Of course, the reality of communism is very different. Firstly, everyone can’t be equal; there must always be a leader. Secondly, it breeds horrific poverty and lots of people are killed. In practice it just doesn’t work; despite what those lot wearing Thatcher masks at Trafalgar square would have you believe. Emirates Road, too, doesn’t work in real life. It’s all very lovely having seven lanes on each side, but if those lanes aren’t used correctly then it all goes askew and the police spend hours picking bits of Toyota Yaris out of Eddie Stobart. It is an undesirable gauntlet.

I suggested last year that we heed the call of Ronald Reagan and tear it all down. Well, in January the UAE did the next best thing and re-branded it. Emirates Road is no more; allow me to introduce Sheikh Mohammed Road. Yes, I know that that is the 246th road of that name, but I am reliably informed that the name change will usher in a new regime of change. The proverbial wall has been torn down.

No longer will Leyland DAF’s perilously swerve lanes without any indication or warning. Goods lorries with missing wheels and un-serviced brakes will no longer be allowed to jack-knife and roll over. Water trucks built during the Battle of Hastings that leak their entire load will be outlawed. In addition to this, each lane will have a fixed speed limit; the outside lane will be set at 120 kph, the next one in will be 100, then 90, then 80, then 70, then 60 and then finally on the inside lane – for the trucks – will be set at 50kph. Your salary will dictate what lane you can use, so the harder you work (or the more cunning the criminal you are) the faster you are allowed to go. Anyone caught doing the wrong speed in the wrong lane will be arrested and fed to the kraken.

But, naturally, no matter how much legislation you enforce or how many rules you make, you cannot stop the human condition. There are still those of a Toyota Hilux disposition that have an unquenchable thirst for mayhem and carnage and they cannot be forgotten. They liked the idea of lane-speed equality and my guess is that they won’t take too kindly to this new, capitalist regime. The UAE has given this a great deal of thought and as such have renamed the Dubai by-pass road as “Emirates Road.” It can only go well. In case you aren’t aware, the Dubai by-pass road is a road that by-passes Dubai, it mirrors the road formerly known as Emirates Road exactly, by running parallel some 8km further inland. I foresee no confusion…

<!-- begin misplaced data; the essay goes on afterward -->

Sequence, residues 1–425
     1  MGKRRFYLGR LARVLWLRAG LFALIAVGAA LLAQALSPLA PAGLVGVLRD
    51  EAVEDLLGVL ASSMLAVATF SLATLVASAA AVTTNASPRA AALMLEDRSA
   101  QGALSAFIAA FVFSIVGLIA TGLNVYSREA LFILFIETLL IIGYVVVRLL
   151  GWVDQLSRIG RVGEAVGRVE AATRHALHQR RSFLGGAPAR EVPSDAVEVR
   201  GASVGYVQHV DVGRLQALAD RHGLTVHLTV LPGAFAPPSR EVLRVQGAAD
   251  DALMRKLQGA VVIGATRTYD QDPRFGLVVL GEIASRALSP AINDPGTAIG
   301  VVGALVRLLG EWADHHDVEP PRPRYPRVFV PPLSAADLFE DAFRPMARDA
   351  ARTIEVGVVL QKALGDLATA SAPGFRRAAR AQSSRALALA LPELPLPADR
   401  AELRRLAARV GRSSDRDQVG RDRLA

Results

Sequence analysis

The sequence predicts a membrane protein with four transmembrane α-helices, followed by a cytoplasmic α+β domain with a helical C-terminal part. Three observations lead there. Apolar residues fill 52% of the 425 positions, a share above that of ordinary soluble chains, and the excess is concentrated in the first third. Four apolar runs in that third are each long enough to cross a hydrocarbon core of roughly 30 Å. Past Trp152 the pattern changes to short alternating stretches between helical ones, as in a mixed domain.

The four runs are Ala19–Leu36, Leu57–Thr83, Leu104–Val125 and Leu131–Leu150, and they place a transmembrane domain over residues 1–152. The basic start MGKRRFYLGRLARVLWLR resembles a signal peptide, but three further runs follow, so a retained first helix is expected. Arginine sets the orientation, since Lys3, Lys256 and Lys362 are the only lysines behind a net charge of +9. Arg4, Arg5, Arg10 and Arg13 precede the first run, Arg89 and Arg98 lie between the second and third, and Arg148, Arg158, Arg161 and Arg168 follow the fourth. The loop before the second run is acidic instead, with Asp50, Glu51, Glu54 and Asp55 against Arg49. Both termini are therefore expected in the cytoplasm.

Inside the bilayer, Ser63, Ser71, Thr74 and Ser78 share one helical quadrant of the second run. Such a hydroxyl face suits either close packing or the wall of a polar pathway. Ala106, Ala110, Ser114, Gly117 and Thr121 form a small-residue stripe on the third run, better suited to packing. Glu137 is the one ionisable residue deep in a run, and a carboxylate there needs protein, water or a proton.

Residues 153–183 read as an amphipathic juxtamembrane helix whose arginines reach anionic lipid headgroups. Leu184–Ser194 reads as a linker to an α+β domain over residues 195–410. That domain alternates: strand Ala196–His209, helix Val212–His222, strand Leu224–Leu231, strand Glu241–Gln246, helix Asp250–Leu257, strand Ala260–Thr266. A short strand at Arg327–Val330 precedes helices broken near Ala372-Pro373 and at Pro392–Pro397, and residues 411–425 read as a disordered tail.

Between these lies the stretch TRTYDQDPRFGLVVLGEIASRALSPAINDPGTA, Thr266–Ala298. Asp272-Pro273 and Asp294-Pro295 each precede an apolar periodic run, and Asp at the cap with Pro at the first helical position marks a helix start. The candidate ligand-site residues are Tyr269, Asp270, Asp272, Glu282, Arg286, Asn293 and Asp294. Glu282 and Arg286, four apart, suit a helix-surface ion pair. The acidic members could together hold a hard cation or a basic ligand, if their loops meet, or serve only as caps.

It is a great metaphor for the UAE, which even after having lived here for five years, I cannot decide whether it is a capitalist or communist state. It seems that you are free to make as much money as you like, but at the same time everything is owned and run by the government and they decide who gets what. It seems that there is no difference between nationalised and privatised enterprise.

People are to be given a choice between left and right. All of those who do not fancy driving in class-structured harmony alongside each other on Sheikh Mohammed Road will be asked to transfer themselves onto the new Emirates Road. This new Emirates Road will be a bit like the old USSR. People will be allowed to do whatever the hell they like to survive despite the tag-line of “fairness”. One litre Yaris’ will be able to speed along in the fast lane in-between all the Ladas and oxen. If they crash, they have no one to blame but themselves. Lorries will be able to use whatever lane they like with however many missing wheels they like, too. Hilux’s can swerve elegantly from lane to lane like massive mechanical butterflies. Everyone will be on the same level.

So there we are: you want to get from one end of Dubai to the other, you have two choices. You can either opt for the free-market Sheikh Mohammed Road with its rules of structure. The elite will be able to use their fast, expensive cars in the outside lane, the middle classes can cruise safely in the middle, and the working classes can trundle along next to the truck lane at 60kph, to save fuel. If this doesn’t take your fancy and you have a particular penchant for coal mines, Arthur Scargill and certain death, then you are free to use the far-left new Emirates Road. It sounds like fun, everyone being on the same level and all, but tell me which road you would rather use to get from Sharjah to Motor City?

It certainly all works in theory…